First of all, React is surprisingly easy to learn. This is mainly thanks to the perfect documentation with lots of examples, but also to the simplicity of the project itself. If you had been working with AngularJS, you may be startled by how limited React seems in comparison. Fear not, this limitation actually allows you to focus on the behavior of your app, instead of figuring out the order of rendering and the dependency injection of components. Another thing is tooling built around React. Starting with phenomenal create-react-app (official project template and configuration), through multiple tools for different tasks, it quickly turns out that most of the problems for web app development have already been solved and all one has to do is yarn add (or npm install). All of that means that creating new application with React is incredibly fast.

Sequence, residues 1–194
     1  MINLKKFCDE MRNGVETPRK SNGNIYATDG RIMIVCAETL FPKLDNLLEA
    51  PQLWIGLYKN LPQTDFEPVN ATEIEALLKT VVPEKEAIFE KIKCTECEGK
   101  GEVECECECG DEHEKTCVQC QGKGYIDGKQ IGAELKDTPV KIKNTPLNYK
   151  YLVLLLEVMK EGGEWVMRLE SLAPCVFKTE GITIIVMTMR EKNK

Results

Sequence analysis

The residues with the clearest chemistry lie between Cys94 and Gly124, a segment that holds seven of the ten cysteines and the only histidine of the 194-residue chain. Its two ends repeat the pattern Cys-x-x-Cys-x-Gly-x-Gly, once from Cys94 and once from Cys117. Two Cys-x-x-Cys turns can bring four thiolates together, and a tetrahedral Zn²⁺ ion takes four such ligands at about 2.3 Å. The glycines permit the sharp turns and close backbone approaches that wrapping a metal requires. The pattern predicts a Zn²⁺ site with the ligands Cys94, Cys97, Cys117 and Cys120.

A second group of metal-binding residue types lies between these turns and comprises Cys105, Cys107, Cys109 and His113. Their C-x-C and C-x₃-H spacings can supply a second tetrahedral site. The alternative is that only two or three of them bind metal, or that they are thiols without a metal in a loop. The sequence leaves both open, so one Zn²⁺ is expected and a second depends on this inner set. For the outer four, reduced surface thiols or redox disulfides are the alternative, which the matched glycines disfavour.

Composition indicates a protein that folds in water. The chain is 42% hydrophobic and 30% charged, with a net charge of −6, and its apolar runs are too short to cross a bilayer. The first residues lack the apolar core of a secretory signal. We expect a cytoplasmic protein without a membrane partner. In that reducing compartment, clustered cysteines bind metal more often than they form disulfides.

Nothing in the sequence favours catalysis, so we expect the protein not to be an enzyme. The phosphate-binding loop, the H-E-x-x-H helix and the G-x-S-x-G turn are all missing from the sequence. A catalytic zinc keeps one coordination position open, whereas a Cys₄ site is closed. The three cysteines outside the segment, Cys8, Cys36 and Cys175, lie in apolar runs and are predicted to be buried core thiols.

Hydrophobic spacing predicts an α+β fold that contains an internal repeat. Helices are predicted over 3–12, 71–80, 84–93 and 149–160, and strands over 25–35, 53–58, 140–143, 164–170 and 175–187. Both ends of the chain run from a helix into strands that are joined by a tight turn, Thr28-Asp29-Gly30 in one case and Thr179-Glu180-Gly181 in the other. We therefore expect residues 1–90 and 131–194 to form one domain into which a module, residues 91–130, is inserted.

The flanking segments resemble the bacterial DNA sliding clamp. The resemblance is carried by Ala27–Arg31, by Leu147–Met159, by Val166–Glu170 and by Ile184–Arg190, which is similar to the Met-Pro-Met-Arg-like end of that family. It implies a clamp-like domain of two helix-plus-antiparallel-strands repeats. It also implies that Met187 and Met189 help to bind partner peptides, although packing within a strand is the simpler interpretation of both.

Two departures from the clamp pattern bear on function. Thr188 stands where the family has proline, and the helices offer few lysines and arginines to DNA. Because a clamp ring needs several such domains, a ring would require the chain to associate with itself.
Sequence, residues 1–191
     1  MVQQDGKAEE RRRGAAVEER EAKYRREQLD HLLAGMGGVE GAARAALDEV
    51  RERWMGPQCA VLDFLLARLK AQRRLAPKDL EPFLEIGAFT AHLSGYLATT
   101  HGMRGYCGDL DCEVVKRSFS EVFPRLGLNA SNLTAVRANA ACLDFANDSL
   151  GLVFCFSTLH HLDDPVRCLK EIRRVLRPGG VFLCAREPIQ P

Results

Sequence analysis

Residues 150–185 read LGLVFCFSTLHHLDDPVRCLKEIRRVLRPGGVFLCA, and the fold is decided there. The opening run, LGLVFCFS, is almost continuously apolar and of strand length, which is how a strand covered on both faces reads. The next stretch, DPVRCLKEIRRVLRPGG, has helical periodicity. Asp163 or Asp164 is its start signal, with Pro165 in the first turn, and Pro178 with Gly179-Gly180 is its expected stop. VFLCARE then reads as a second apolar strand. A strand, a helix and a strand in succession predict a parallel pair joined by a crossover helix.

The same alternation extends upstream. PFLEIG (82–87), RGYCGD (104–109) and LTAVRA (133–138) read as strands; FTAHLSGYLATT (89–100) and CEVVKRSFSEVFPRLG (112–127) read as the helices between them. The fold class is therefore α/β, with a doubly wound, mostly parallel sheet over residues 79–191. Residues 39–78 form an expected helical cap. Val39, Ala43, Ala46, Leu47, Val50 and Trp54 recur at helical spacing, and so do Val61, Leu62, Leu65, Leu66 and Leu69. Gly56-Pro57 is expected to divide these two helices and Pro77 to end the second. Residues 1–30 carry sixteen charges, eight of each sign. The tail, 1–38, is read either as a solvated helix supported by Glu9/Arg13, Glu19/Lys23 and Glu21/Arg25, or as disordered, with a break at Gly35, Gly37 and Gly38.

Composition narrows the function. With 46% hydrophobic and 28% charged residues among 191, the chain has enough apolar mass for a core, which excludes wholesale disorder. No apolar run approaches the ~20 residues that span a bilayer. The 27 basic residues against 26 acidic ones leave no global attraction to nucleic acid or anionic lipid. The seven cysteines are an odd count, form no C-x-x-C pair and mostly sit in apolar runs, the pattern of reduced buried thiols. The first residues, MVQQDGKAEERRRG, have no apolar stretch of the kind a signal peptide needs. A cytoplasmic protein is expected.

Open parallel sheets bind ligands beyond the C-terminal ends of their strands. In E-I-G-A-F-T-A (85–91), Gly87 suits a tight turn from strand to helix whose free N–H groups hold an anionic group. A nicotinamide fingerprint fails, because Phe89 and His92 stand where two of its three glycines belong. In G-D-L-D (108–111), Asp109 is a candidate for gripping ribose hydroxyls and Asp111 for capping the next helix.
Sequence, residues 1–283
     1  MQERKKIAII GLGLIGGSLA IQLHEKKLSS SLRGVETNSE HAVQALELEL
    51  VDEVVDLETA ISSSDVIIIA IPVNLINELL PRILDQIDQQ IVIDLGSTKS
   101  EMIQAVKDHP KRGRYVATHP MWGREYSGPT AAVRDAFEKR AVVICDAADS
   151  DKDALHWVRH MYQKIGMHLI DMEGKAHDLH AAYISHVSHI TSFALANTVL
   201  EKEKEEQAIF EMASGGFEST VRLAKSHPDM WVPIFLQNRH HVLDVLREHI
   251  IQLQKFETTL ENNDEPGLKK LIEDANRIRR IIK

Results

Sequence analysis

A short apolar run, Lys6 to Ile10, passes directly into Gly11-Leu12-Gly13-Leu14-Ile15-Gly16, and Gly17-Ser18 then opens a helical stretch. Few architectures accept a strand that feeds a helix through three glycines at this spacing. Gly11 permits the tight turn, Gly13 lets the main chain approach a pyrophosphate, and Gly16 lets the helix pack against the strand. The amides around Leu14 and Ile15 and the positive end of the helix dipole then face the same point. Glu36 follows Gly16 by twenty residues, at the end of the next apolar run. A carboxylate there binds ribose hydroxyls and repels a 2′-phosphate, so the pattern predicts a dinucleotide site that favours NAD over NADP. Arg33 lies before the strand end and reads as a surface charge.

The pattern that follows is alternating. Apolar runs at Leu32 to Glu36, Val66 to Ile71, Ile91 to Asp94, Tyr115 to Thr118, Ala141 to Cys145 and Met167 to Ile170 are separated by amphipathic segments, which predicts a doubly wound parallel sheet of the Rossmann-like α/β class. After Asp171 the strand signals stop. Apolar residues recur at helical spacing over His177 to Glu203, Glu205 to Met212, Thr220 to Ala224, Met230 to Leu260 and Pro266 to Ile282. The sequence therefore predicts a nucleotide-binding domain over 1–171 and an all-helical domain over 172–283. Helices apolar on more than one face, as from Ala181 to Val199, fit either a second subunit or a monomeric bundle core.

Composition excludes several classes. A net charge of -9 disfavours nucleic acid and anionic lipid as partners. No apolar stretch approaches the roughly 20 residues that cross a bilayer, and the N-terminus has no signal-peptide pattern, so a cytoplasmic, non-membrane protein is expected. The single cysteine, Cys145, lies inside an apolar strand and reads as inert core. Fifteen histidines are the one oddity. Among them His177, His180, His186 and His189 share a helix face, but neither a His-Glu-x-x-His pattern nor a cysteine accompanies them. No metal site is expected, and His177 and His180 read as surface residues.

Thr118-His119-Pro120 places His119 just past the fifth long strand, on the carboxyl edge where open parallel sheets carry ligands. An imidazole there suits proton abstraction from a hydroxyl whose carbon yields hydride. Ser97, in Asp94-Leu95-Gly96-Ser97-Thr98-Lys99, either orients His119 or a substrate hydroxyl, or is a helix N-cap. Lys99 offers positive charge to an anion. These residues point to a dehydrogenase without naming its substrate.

Semantic UI for making it look stunningly

Creating a compelling design for your website used to be a dire chore back in a day. As a developer I wanted to concentrate on how my software works, not on such dull tasks like ensuring that everything is displayed as expected on different browsers. Things changed a lot when Twitter released Bootstrap and other CSS systems started emerging. I was finally able to create an interface that looks correctly, without spending too much time on that. And none of these CSS systems feels as complete as Semantic UI.